Years of tutoring from friends, football coaches, and professors could not solve the way my brain scrambles numbers. Until I said my final goodbyes to math after college, the subject was always a painful one. People often assume math skills on my part because I’m a professional musician, and musicians are supposed to be good at math, they insist. Sure, the two subjects intersect, and even a basic chord involves mathematical concepts. Those are truths with which I play, express, and improvise on a daily basis. But as much as I can approach mathematical principles, I’ll never be able to work with numbers. The explicit, objective language of math eludes me, a young woman with a graduate degree who has had to blushingly count on her fingers in front of her boss. As it turns out, she could never quite escape numbers.
In college, ever the cliche, I was no less a mental health disaster than any other music student. This was in the Deep South, and when a lesbian at a religious college complains of excess worry and sadness, well, nobody thinks to look any deeper than that. The problem is plainly visible, staring you in the face with sunken cheekbones from sudden obsessive weight loss. Numbers, and all that.
In the wake of traumatic events, faded collections of images holed up in my cells, resurfacing uncontrollably when I tried to eat or sleep. Thankfully, it’s not so severe anymore. But if you ask me to recall the details of my trauma, like "what exactly happened," memory fails and words escape. It is the same helpless feeling as when I try to copy down a phone number and write a 6 where a 9 belongs. I’m reaching for something I can’t grasp, like reaching into a wound and expecting to pull out a date and time.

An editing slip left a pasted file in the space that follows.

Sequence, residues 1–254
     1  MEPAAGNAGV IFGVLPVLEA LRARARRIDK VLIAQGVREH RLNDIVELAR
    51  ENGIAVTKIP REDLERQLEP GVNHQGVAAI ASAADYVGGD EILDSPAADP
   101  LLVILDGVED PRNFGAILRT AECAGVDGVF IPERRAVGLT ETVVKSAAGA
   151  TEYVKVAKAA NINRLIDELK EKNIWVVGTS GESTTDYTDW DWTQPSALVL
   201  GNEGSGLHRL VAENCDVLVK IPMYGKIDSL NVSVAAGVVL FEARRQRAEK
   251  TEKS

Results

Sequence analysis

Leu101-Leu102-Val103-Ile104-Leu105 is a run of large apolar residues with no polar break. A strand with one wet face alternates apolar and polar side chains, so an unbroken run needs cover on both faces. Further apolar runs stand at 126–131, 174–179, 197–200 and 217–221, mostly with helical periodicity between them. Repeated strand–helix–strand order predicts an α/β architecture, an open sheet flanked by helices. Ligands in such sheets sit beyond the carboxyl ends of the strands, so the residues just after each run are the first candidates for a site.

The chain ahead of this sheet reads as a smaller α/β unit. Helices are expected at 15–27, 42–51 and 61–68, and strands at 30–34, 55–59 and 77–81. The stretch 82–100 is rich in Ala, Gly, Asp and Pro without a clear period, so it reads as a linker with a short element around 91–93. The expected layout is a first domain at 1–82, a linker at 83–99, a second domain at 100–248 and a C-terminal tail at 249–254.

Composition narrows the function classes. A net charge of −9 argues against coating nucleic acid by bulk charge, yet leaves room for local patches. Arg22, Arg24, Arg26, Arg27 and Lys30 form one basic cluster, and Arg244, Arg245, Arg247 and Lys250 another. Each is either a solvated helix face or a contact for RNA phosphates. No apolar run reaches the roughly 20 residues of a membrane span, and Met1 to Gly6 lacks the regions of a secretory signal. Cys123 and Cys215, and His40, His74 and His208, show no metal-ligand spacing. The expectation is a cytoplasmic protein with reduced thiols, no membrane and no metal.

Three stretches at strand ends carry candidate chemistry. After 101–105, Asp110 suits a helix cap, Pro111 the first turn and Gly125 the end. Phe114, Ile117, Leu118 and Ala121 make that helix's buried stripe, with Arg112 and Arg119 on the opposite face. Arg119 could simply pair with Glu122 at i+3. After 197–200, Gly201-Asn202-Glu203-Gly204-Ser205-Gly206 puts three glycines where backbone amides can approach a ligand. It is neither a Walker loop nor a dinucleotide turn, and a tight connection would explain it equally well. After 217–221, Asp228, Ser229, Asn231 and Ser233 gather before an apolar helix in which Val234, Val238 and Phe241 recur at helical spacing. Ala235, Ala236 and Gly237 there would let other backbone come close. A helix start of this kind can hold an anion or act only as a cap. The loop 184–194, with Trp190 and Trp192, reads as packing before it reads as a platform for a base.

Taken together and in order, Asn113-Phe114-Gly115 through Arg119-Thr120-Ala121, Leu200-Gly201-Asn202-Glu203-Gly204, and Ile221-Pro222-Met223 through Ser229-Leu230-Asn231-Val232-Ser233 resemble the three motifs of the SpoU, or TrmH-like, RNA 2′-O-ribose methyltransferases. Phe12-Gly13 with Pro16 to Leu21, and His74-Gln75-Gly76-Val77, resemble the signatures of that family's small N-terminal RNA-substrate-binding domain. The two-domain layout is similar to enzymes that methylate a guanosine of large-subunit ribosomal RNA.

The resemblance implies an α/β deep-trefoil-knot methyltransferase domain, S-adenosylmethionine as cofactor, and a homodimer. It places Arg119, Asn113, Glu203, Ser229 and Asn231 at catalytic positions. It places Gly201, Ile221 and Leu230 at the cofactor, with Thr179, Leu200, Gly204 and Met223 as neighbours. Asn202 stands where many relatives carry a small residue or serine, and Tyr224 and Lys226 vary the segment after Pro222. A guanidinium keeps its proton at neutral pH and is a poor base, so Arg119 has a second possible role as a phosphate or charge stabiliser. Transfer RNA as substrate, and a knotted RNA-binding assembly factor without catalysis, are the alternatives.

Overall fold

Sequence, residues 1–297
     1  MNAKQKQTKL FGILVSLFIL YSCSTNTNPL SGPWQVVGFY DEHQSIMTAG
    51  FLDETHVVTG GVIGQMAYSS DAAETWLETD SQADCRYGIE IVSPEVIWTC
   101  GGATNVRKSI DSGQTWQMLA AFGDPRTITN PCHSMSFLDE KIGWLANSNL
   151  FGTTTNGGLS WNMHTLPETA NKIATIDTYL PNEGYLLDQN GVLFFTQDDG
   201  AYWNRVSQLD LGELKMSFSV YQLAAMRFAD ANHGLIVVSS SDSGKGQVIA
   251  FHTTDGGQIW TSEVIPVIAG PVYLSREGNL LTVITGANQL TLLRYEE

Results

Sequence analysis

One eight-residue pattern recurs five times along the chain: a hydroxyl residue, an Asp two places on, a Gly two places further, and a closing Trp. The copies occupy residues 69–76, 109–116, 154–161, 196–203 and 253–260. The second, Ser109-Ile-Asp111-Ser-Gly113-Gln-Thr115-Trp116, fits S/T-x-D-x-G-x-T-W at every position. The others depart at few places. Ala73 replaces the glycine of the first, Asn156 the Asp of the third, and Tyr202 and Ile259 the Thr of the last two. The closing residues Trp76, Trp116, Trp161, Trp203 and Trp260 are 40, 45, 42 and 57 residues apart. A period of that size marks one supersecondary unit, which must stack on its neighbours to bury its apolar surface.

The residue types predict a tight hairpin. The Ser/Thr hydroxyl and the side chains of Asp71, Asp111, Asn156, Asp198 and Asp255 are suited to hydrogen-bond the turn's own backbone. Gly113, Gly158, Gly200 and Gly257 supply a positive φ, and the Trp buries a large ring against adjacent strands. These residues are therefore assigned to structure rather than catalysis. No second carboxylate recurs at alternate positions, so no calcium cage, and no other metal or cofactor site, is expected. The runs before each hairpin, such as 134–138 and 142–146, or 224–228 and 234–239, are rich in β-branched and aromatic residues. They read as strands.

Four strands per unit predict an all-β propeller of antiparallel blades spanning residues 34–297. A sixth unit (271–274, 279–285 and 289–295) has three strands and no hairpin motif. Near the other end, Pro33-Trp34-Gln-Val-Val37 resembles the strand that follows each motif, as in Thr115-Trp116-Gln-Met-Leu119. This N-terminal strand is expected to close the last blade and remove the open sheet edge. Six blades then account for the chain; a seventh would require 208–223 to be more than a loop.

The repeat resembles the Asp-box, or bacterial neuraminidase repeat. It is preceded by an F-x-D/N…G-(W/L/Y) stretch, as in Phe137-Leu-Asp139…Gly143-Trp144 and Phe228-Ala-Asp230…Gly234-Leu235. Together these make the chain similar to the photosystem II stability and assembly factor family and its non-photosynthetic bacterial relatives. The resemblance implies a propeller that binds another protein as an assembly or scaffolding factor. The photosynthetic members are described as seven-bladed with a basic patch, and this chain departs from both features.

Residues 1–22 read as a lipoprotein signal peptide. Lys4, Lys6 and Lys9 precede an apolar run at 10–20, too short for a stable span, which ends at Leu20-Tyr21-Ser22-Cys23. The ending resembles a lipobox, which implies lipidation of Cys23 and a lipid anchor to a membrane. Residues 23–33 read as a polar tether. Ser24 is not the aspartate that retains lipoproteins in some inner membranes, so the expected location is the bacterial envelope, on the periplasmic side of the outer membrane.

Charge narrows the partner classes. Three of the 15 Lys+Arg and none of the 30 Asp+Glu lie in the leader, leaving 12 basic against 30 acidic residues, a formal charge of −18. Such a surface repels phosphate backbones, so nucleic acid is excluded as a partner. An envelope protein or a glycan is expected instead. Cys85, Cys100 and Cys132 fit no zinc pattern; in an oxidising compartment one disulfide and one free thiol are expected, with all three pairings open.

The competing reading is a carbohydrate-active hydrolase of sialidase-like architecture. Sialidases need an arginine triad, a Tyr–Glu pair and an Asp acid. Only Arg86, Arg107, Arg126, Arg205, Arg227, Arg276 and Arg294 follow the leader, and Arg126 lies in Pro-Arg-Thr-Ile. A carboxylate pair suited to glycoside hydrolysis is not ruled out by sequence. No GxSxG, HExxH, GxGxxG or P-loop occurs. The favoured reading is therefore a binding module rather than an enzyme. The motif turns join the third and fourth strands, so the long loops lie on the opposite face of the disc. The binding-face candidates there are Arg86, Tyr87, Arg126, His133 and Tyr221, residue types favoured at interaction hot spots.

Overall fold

But you came to read about writing, and here I am talking about trauma.
Writing poetry allows us express mysteries that we cannot articulate in plain terms. Nobody reads a poem to be told outright, “There is both beauty and sadness in the world.” Where’s the proof? But when you see two boys examining bones in the forest, the clues they unearth about the crime scene point toward the broader truth. Nobody reads a poem to be told, “Some things are too tough to be killed” with a line break here or there. But when you see the alligator crawling back from the edge of extinction and moss unfurling over an abandoned shack, then you may feel some approximation of the truth.
So writing poetry is like doing math. “Pi” is a number that is infinitely more than a number, but if even if we could know all its digits, the concept is still better expressed by a simple circle. Math and poetry both work from the same ideas of logic, of economic precision, of man-made languages. Both explain the universe with the help of our own imaginations to fill in the gaps, the unknowns.
There are many ways to suss out truth or, at least, pieces of it. Poetry does not demand explicit recounts of emotions, experiences, and stories, which perfectly suits the PTSD survivor who doesn’t remember what has happened to her anyway. Instead, she can point you to the ruler, the raised voices, the textbook slammed down on her knuckles. Then, the poet can solve a problem or beg a better question. Even an awkward first draft can at least prove a connection where she may have forgotten one existed.
A graduate of Mississippi College, Amy Lauren was a finalist for the 2019 Tennessee Williams Poetry Prize. Her chapbooks include Prodigal, God With Us, and She/Her/Hers. Her poems have appeared in publications such as The Gay & Lesbian Review with four Pushcart Prize nominations. She lives in Florida with her wife.